Bernie truly is a lunatic.  To actually compare slaves who are taken forcibly and forced to do what they do, with blue-collar workers who can leave their places of employment to work some place else, and are NOT owned by the companies they work for is beyond ridiculous.  It’s an insult to actual slaves.  What’s frightening is so many millennials and younger voters are actually “feeling the Bern.”  Thanks to the team at Fox News that did this excellent investigative journalism for us.  No wonder they’re destroying CNN and MSNBC in the ratings.

Gutfeld on Bernie’s comments about China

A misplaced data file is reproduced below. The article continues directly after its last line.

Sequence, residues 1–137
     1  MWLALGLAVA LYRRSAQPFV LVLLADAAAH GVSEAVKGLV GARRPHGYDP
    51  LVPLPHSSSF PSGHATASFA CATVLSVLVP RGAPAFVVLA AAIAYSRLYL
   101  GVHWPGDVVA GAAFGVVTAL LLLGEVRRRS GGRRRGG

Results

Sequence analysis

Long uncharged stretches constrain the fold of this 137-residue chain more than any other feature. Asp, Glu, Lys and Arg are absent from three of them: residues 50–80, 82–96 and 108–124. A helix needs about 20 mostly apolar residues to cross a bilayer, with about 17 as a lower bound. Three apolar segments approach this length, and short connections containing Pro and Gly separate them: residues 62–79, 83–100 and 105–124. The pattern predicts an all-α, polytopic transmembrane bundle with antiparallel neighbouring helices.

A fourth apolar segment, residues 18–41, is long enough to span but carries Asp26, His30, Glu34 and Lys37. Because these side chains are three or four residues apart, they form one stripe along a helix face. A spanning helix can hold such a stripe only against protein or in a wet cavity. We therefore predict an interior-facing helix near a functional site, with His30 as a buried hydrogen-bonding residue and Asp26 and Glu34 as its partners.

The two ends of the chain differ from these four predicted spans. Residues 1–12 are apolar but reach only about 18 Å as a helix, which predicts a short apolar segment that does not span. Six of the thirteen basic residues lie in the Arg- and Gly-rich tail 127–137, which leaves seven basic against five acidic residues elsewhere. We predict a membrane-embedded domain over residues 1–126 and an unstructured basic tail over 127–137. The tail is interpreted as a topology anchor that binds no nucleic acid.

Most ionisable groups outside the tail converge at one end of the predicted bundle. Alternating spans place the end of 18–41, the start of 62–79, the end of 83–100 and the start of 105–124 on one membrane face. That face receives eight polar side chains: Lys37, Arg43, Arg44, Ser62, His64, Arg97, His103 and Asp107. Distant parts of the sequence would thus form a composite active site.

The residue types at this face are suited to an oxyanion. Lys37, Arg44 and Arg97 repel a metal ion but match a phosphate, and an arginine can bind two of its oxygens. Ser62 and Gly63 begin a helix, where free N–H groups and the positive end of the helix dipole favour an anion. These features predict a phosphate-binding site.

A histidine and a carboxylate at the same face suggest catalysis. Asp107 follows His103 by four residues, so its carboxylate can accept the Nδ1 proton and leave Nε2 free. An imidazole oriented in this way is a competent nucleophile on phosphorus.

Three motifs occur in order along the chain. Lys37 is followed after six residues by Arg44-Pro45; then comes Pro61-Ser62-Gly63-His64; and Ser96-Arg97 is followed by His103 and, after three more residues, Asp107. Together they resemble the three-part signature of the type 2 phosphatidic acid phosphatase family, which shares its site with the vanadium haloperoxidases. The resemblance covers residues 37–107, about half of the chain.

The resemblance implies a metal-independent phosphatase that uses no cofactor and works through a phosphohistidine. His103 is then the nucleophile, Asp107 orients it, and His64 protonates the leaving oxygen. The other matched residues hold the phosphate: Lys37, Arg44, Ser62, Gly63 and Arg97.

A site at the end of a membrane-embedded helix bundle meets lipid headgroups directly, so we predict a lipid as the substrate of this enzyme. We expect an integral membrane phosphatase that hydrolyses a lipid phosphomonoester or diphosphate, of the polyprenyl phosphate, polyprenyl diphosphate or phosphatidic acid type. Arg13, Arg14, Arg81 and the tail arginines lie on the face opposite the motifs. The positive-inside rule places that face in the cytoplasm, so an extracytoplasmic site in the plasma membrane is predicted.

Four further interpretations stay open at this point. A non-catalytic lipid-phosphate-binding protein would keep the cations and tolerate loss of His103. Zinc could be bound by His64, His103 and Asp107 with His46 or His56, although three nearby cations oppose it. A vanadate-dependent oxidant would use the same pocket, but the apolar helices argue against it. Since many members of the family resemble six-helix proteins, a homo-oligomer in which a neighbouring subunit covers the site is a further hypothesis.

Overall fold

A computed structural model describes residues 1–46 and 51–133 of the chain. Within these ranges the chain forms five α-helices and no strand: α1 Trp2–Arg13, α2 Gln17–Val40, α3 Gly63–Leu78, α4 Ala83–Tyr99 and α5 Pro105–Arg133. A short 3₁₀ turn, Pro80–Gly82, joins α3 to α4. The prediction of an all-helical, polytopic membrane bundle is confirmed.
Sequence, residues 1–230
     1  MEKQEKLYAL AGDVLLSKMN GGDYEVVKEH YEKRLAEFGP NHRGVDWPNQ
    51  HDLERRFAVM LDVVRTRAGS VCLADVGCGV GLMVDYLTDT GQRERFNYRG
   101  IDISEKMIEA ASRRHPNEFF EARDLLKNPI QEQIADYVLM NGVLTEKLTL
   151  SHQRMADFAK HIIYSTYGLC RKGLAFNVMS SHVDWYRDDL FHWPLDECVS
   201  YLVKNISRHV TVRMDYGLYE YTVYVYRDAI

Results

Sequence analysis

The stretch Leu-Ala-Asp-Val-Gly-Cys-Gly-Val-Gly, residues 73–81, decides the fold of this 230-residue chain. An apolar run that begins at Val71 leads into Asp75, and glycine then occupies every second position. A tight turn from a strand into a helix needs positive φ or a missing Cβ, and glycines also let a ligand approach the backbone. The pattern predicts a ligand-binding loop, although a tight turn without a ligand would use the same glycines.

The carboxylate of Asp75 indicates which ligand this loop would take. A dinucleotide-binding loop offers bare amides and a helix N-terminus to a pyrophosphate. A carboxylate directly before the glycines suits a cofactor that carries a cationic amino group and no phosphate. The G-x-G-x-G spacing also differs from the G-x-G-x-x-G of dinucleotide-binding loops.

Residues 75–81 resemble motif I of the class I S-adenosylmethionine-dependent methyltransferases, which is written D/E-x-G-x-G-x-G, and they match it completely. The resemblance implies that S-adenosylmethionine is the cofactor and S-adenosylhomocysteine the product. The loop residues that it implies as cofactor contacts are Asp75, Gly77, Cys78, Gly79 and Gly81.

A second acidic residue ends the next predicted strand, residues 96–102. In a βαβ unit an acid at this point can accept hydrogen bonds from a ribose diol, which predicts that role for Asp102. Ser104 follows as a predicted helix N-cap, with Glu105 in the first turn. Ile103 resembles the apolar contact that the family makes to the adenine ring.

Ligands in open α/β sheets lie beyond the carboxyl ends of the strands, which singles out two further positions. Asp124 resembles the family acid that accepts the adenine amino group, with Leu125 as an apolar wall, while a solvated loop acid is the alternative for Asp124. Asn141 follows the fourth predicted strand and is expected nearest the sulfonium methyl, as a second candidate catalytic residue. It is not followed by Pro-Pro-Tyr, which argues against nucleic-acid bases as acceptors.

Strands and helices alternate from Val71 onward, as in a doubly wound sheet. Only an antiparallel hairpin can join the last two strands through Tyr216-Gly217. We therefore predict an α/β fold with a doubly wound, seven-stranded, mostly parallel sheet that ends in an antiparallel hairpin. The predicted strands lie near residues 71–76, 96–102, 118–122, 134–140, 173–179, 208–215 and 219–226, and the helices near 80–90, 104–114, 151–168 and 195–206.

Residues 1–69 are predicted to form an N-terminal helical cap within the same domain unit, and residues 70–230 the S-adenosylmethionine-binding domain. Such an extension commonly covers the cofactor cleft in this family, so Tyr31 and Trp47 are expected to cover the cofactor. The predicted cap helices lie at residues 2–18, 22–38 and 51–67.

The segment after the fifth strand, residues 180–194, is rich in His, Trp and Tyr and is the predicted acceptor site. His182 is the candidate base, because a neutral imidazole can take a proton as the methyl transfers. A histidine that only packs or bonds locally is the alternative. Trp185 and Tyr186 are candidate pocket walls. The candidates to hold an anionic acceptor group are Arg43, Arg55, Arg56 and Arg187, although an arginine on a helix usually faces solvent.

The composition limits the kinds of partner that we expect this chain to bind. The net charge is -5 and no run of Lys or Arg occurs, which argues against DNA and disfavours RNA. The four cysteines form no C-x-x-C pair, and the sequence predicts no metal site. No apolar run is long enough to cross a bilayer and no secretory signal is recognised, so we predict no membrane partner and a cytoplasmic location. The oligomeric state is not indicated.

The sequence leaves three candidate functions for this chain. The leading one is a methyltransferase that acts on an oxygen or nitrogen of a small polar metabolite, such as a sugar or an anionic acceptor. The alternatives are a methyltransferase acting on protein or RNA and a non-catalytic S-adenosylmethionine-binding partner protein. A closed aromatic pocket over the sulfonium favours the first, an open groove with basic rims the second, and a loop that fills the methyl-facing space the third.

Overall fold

In an interview with The Hill, Democratic presidential candidate and avowed socialist Sen. Bernie Sanders, I-Vt., said China had done more to address extreme poverty than any country in history. “What we have to say about China, in fairness to China and its leadership is, if I’m not mistaken, they have made more progress in addressing extreme poverty than any country in the history of civilization, OK. So they’ve done a lot of things for their people,” Sanders said. He’s right. According to the World Bank, the number of poor in China went from 880 million in 1981, to less than 10 million. But I wonder how they did that? Well, the Chinese “socialists” killed millions of poor people, so there’s that. Dead people aren’t poor. Just dead. They called that the “Great Leap Forward.” After that, they used a tool Bernie despises: capitalism. It was only the Chinese rigorously adopted free-market principles, private ownership and decentralization, that they transformed their economy from a house of horrors to something much more humane. The things that saved a billion lives in China are the things Bernie thinks harmed our country. The lesson is that those who scream about inequality embrace ideas that create more inequality. By replacing equal opportunity with equal outcomes, you end up with two classes: the poor and the powerful. Which happened in China. And it seems to be happening in San Francisco, Los Angeles and Baltimore, too. Of course, China went “whole Communist,” resulting in mass murder, religious persecution, forced abortion and famine. The number of dead in China under Mao has to be counted in the tens of millions. So yeah, praise is in order for China finally coming around to abandoning bad ideas. Maybe Bernie should do the same.